This section breaks out a Year One and a Year Two for outreach and encouragement to help the Regional Fitness & Safety Task Force set a direction and build momentum towards a sustainable, rich and varied outreach and education program. Year One: Establish the Program In the first year expect to do the following: The city administration should determine the home of the city’s biking and walking outreach and education program. The Parks and Recreation Department may be a natural location should additional resources be provided Establish a Bicycling and Walking Task Force to help shape, produce and guide the outreach and education efforts. Establish a brand for the Regional Fitness & Safety Campaign Create a Facebook and Twitter presence for the Regional Fitness & Safety Campaign Establish partnerships with experienced bicycling and walking organizations such as Michigan Trails and Greenways Alliance, Michigan Mountain Biking Alliance and League of Michigan Bicyclists Apply for grants to fund a part-time coordinator for the Regional Fitness & Safety Campaign and related tools and materials like website development, printed materials, and events promotion Begin tying active transportation messages and information into existing events Measure the miles of existing non-motorized facilities in the city Participate in the National Bicycle and Pedestrian Documentation Project Year Two: Build a culture of biking and walking Year one recommendations provide a structure and process for establishing outreach and education objectives, helps the community identify partners and supporters in the community, and begins a dialogue with the community about biking and walking. Year two recommendations leverage these efforts to begin initiatives in Education, Enforcement, and Encouragement that can grow biking and walking modeshare and consideration for other transportation system users going forward. In year two, expect to do the following: Produce a community bicycle map and walking map Host Commuter Challenge Produce a larger bicycling event Survey residents’ attitudes towards biking and walking efforts Measure the miles of non-motorized facilities in the city Participate in the National Bicycle and Pedestrian Documentation Project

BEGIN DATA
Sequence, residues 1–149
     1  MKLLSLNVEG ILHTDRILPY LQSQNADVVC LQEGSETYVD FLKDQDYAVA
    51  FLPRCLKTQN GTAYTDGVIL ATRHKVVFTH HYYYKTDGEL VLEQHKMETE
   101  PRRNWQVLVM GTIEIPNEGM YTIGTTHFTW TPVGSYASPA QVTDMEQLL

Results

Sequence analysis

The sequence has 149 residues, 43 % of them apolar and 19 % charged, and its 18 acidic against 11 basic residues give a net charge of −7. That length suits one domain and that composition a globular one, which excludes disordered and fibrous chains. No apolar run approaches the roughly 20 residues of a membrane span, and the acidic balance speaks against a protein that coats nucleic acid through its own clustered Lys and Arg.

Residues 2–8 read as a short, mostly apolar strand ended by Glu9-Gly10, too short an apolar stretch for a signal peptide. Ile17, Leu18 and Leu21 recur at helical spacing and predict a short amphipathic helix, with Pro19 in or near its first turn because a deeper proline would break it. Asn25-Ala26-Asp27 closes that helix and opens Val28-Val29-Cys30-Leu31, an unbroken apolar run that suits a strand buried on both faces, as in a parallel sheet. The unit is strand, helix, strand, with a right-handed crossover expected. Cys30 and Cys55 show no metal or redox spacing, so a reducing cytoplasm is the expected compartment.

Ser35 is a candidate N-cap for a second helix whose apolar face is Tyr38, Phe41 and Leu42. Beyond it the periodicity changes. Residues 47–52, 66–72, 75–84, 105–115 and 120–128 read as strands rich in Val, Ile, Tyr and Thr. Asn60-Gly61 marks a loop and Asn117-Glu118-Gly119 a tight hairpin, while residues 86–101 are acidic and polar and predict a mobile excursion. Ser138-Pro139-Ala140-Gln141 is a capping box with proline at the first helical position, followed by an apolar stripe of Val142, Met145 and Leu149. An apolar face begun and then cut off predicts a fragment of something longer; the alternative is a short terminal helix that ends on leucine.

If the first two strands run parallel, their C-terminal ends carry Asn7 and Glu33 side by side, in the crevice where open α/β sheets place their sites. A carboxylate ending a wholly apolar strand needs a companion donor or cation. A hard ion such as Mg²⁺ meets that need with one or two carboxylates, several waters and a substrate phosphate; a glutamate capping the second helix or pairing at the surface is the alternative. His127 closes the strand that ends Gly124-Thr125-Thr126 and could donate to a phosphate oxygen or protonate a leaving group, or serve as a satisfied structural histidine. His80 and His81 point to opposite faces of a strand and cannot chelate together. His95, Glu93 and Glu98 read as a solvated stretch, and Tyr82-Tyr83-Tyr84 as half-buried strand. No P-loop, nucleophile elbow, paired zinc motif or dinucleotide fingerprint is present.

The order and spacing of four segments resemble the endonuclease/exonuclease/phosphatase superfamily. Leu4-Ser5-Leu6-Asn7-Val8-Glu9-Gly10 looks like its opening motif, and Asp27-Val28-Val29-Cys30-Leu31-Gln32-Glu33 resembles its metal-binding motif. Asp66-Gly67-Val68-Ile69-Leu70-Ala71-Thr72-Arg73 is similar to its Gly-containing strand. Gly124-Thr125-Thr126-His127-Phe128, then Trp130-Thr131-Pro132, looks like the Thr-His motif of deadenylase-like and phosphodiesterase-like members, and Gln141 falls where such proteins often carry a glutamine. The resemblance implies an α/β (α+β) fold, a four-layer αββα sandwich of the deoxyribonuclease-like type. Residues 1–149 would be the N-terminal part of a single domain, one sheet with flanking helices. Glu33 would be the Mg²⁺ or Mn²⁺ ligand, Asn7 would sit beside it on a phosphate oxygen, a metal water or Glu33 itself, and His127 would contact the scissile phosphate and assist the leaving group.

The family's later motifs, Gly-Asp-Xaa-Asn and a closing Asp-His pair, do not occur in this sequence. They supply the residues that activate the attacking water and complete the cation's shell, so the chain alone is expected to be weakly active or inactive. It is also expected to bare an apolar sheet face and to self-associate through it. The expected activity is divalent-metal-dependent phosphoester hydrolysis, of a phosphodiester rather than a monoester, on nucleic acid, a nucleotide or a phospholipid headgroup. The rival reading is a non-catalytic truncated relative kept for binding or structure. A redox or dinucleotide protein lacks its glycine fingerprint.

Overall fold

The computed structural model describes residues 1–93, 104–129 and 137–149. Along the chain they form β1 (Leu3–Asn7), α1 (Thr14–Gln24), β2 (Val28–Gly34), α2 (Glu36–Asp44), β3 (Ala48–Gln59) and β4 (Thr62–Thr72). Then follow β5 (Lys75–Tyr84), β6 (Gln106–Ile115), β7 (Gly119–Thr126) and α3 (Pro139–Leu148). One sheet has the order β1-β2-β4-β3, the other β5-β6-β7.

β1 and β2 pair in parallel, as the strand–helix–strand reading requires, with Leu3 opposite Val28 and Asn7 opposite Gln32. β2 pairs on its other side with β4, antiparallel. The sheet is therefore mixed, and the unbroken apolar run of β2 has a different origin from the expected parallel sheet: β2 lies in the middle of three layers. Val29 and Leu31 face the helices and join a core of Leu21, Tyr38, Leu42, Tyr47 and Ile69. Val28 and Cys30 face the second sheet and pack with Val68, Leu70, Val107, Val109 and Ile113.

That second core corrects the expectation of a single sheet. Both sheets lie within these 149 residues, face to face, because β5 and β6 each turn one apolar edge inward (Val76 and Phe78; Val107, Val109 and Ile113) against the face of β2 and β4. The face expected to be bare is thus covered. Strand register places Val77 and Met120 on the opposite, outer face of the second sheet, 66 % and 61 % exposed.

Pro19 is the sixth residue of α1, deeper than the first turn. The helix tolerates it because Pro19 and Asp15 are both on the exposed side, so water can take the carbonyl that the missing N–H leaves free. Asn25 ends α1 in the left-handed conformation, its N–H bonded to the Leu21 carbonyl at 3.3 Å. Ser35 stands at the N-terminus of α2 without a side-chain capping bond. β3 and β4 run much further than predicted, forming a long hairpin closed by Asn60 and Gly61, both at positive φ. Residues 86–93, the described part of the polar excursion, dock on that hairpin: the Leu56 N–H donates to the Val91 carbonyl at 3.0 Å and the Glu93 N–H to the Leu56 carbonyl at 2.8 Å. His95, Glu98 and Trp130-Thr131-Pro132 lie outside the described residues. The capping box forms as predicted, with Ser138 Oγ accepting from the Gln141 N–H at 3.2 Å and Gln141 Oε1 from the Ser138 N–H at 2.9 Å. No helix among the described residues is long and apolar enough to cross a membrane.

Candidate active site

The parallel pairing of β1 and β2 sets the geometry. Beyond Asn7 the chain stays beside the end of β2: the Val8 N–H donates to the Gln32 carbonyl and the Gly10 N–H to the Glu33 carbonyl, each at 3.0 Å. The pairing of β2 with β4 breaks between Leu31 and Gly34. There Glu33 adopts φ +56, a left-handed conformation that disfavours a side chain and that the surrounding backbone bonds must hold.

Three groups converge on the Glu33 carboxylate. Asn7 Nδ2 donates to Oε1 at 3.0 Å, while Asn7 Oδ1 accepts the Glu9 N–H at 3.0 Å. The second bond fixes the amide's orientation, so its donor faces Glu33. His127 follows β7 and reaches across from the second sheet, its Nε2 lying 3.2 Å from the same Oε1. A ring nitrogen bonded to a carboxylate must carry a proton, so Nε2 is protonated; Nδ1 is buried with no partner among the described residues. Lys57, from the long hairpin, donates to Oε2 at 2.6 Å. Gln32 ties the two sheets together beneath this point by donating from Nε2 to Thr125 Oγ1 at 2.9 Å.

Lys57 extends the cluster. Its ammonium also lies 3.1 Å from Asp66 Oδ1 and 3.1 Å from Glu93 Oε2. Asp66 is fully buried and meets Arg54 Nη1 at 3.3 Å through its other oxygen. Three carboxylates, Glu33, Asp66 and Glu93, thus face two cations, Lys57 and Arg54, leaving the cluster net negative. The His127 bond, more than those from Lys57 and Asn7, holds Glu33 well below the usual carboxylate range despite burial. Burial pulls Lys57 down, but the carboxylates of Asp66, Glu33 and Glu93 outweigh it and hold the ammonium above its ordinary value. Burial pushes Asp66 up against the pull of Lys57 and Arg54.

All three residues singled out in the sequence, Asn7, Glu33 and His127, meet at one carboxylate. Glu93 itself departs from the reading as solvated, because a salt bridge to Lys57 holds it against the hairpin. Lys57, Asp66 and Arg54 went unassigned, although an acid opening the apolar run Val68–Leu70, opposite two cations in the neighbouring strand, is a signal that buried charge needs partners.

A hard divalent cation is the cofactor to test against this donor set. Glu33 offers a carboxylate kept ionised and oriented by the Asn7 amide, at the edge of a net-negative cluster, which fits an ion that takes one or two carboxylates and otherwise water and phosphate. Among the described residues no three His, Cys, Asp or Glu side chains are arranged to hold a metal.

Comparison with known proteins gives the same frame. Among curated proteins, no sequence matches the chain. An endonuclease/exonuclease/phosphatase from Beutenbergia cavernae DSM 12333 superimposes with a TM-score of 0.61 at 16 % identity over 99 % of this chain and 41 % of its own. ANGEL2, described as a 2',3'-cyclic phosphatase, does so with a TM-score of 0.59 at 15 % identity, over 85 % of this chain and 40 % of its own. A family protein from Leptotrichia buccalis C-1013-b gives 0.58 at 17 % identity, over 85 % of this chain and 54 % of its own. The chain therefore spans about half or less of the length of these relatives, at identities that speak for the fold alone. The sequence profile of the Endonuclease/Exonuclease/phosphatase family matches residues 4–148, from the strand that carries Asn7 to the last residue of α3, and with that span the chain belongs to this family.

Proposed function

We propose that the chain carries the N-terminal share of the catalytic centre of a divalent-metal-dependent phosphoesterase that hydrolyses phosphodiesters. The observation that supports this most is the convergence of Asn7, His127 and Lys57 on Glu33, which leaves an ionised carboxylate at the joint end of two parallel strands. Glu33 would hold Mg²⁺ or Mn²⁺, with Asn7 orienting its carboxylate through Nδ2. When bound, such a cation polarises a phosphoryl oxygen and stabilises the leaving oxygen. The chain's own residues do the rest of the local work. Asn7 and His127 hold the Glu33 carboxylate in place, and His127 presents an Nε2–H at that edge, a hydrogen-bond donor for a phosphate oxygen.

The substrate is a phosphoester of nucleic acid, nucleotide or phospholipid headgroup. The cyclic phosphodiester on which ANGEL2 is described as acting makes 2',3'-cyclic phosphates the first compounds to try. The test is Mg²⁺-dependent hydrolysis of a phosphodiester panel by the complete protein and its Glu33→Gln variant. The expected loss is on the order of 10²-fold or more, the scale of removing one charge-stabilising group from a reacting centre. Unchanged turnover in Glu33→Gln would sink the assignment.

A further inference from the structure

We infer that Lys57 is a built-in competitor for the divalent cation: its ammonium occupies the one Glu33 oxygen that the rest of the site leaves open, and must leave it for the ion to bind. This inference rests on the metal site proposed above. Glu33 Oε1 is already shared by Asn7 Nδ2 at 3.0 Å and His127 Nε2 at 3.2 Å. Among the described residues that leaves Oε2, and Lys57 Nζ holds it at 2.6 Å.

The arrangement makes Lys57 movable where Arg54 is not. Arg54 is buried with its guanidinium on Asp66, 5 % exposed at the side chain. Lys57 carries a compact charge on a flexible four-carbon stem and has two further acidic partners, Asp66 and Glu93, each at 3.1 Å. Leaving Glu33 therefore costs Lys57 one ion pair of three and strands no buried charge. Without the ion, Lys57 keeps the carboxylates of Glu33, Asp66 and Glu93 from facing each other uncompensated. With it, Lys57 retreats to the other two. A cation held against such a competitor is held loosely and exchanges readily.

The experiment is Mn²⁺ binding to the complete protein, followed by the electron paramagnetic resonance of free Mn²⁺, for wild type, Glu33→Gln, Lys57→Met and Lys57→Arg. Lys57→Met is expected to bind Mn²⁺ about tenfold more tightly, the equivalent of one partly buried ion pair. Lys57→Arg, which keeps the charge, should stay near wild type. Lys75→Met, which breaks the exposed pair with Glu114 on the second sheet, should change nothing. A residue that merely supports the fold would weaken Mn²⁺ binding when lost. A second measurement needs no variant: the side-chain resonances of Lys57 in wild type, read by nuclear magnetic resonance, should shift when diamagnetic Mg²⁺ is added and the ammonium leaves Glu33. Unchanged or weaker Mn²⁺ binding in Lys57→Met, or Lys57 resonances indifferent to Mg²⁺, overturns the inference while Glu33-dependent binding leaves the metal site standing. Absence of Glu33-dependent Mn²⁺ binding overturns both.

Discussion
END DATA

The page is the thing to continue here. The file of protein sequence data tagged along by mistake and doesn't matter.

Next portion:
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Apply for the League of American Bicyclists’ Bicycle Friendly Community, Bike Friendly University Award, and Bicycle Friendly Business Award and the state’s Promoting Active Communities award Year Three and Beyond: Strengthen the Walking and Biking Community In year three, expect to do the following: Update and distribute community bicycle map and walking map yearly Host Commuter Challenge on a yearly basis Survey residents’ attitudes towards biking and walking efforts yearly Install Active Transportation Hubs and update information on a seasonal basis Measure the miles of non-motorized facilities in the city yearly Participate in the National Bicycle and Pedestrian Documentation Project yearly Apply for the League of American Bicyclists’ Bicycle Friendly Community, Bike Friendly University Award, and Bicycle Friendly Business Award and the state’s Promoting Active Communities award yearly

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9. Design Guidelines
These design guidelines should be consulted when planning new facilities, reconstructing or modifying existing facilities, and updating city and design standards. Topics: 9.1 9.2 9.3 9.4 9.5 9.6 9.7 9.8 9.9 9.10 9.11 9.12 9.12 9.13 Key Factors for Pedestrians Key Factors for Bicyclist Travel Travel Along Road Corridors Developing Complete Street Cross Sections Transitions Between On and Off-Road Bicycle Facilities Modifying Existing Facilities Travel Across the Road Corridor Neighborhood Connectors Bike Route Signs and Wayfinding Bike and Pedestrian Boulevards and Neighborhood Greenways Off-Road Trails Gateway Transitions Commercial Centers Land Use Planning